More British students are going abroad than ever before. According to Universities UK International’s (UUKi) report, 18,510 UK-domiciled graduates have gone abroad for at least one period as an undergraduate, representing 7.8 percent of the 2016−17 graduating cohort. In the previous cohort, only 16,580 students did the same.
Historically a privilege left to a wealthy few, now more British students are able to reap the benefits of an international element in their higher education. They attain a more well-rounded skill set, improve cultural competencies and make global connections – the benefits of mobility are plenty and well-known by now.
But what about the British students who are spreading their wings across the world? Here are five facts and figures about the travelling British student today:
1. More underrepresented minorities are going abroad than ever before
This includes students from lower socio-economic backgrounds, black and minority ethnic (BME) students and disabled students. However, the remains a participation gap between BME and Asian students with their white counterparts.
“The mobility rate for white students (8.3 percent) was higher than for Asian students (5.5 percent)
and black students (5.1 percent). Students identified as having another ethnicity (including mixed) were
most likely to be mobile, with a mobility rate of 8.6 percent,” stated UUKi’s report.
🌍 Where do students study overseas?
UUKi’s #GoIntl report finds that 50.8% of study, work or volunteer abroad opportunities were to Europe, with 18.5% to North America and 12.3% to Asia
— Universities UK (@UniversitiesUK) October 27, 2019
Similarly, a participation gap also persists between more advantaged students and their less advantaged peers
2. Most are Erasmus+ recipients
More than half of British students abroad are in Europe for various periods and under the Erasmus+, the European Union programme for education, training, youth and sport
“For the 2016-17 graduating cohort, more than half of mobilities (54 percent) of eight weeks or longer were facilitated through the Erasmus+ programme,” according to UUKi’s report.
More than 600,000 British students have gone abroad through the programme since the scheme’s inception 31 years ago, making it one of the EU’s most successful initiatives.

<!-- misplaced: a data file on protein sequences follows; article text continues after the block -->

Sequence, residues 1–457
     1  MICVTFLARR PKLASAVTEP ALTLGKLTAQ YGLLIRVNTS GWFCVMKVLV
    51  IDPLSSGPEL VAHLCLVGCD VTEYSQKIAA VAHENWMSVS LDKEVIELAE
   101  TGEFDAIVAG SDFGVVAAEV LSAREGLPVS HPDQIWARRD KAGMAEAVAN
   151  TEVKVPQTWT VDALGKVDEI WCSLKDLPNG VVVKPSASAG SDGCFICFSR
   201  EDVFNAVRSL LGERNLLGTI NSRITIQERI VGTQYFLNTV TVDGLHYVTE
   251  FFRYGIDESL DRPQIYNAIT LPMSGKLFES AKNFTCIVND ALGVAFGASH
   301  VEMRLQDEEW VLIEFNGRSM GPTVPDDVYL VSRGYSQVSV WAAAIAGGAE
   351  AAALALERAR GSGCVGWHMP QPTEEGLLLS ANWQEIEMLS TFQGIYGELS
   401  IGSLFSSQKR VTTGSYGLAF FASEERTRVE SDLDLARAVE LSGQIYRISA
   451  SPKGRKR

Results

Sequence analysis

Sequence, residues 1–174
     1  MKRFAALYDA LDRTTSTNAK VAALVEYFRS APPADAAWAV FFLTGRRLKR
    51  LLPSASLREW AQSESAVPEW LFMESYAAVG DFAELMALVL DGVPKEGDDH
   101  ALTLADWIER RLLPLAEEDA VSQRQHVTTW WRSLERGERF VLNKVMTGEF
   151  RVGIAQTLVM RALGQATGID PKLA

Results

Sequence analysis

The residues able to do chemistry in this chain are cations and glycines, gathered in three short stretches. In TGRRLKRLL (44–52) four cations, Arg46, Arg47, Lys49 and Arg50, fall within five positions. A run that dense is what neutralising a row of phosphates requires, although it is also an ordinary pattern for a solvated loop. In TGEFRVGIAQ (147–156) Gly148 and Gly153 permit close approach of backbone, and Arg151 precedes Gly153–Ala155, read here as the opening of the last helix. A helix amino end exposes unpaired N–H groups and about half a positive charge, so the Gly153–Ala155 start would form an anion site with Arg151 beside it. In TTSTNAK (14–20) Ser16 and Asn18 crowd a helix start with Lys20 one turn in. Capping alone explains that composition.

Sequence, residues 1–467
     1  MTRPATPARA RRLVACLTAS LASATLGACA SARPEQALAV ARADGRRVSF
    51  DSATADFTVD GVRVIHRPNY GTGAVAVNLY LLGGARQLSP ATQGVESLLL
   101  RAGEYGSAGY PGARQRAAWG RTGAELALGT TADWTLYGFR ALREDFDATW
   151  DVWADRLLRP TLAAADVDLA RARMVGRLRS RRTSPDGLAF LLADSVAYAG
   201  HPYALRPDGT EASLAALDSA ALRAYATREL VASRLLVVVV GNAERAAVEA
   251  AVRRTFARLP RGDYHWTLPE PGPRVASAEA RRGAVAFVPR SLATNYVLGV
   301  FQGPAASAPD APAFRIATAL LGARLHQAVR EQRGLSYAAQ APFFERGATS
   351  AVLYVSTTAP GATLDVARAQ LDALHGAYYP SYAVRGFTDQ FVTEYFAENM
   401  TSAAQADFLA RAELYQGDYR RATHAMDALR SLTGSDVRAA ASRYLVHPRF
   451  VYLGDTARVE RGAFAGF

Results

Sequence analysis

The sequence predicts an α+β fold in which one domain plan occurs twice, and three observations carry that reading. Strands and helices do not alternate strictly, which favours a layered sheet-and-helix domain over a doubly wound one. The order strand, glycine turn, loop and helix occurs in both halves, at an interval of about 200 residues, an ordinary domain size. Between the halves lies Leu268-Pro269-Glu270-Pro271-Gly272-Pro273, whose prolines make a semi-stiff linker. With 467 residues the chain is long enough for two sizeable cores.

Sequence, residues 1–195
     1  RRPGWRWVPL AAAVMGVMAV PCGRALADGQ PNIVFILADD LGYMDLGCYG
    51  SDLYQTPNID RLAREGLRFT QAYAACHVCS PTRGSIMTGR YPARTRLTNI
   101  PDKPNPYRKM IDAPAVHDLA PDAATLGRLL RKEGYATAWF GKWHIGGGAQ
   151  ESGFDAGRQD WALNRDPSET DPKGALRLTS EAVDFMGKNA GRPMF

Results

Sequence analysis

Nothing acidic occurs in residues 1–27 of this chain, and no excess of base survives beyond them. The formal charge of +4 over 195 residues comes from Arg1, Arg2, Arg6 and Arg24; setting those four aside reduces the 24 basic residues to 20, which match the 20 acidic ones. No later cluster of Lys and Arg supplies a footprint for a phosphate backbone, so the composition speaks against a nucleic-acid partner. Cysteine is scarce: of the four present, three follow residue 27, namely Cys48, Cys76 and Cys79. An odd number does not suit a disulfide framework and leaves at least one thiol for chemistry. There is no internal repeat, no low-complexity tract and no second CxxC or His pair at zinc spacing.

3. Language graduates go abroad the most
Students of ‘languages’ make up just under a quarter (24.5 percent) of the 2016−17 mobile cohort.
As many courses include a period abroad to practise their language of study, it is unsurprising that they are Britain’s most mobile student. Another feature that makes this group notably different is that a large majority of language students are female compared to non-language students.
Subjects with the lowest proportions of mobile students – where mobility rates were 2.2 percent or lower – include social work, nursing, sport and exercise science, and computer science.
4. Students from Northern Irish institutions were the most mobile
Students from Northern Irish institutions were the most mobile (13.2 percent), followed by students
from Scottish (11.6 percent), Welsh (9.7 percent) and English (7.2 percent) institutions.
“Efforts are being made across the four nations to increase the number of mobile students: the Welsh government recently introduced a £1.3 million fund to further support international mobility from Welsh providers, and Scotland continues to offer a fee waiver for students who go on a year abroad,” the report noted.
5. They are mostly full-time students
Only 105 of the 18,490 part-time, UK-domiciled, first degree graduate respondents reported a period of mobility as part of their degree programme – this represents a mobility rate of just 0.6 percent.
Mature students also reported low mobility rates. Defined as 21 or over, only 3.4 percent or 1,480 of the 43,400 mature students in the 2016−17 graduating cohort participated in mobility. This is less than half the mobility rate of younger students (aged 21 below), which is 8.8 percent.
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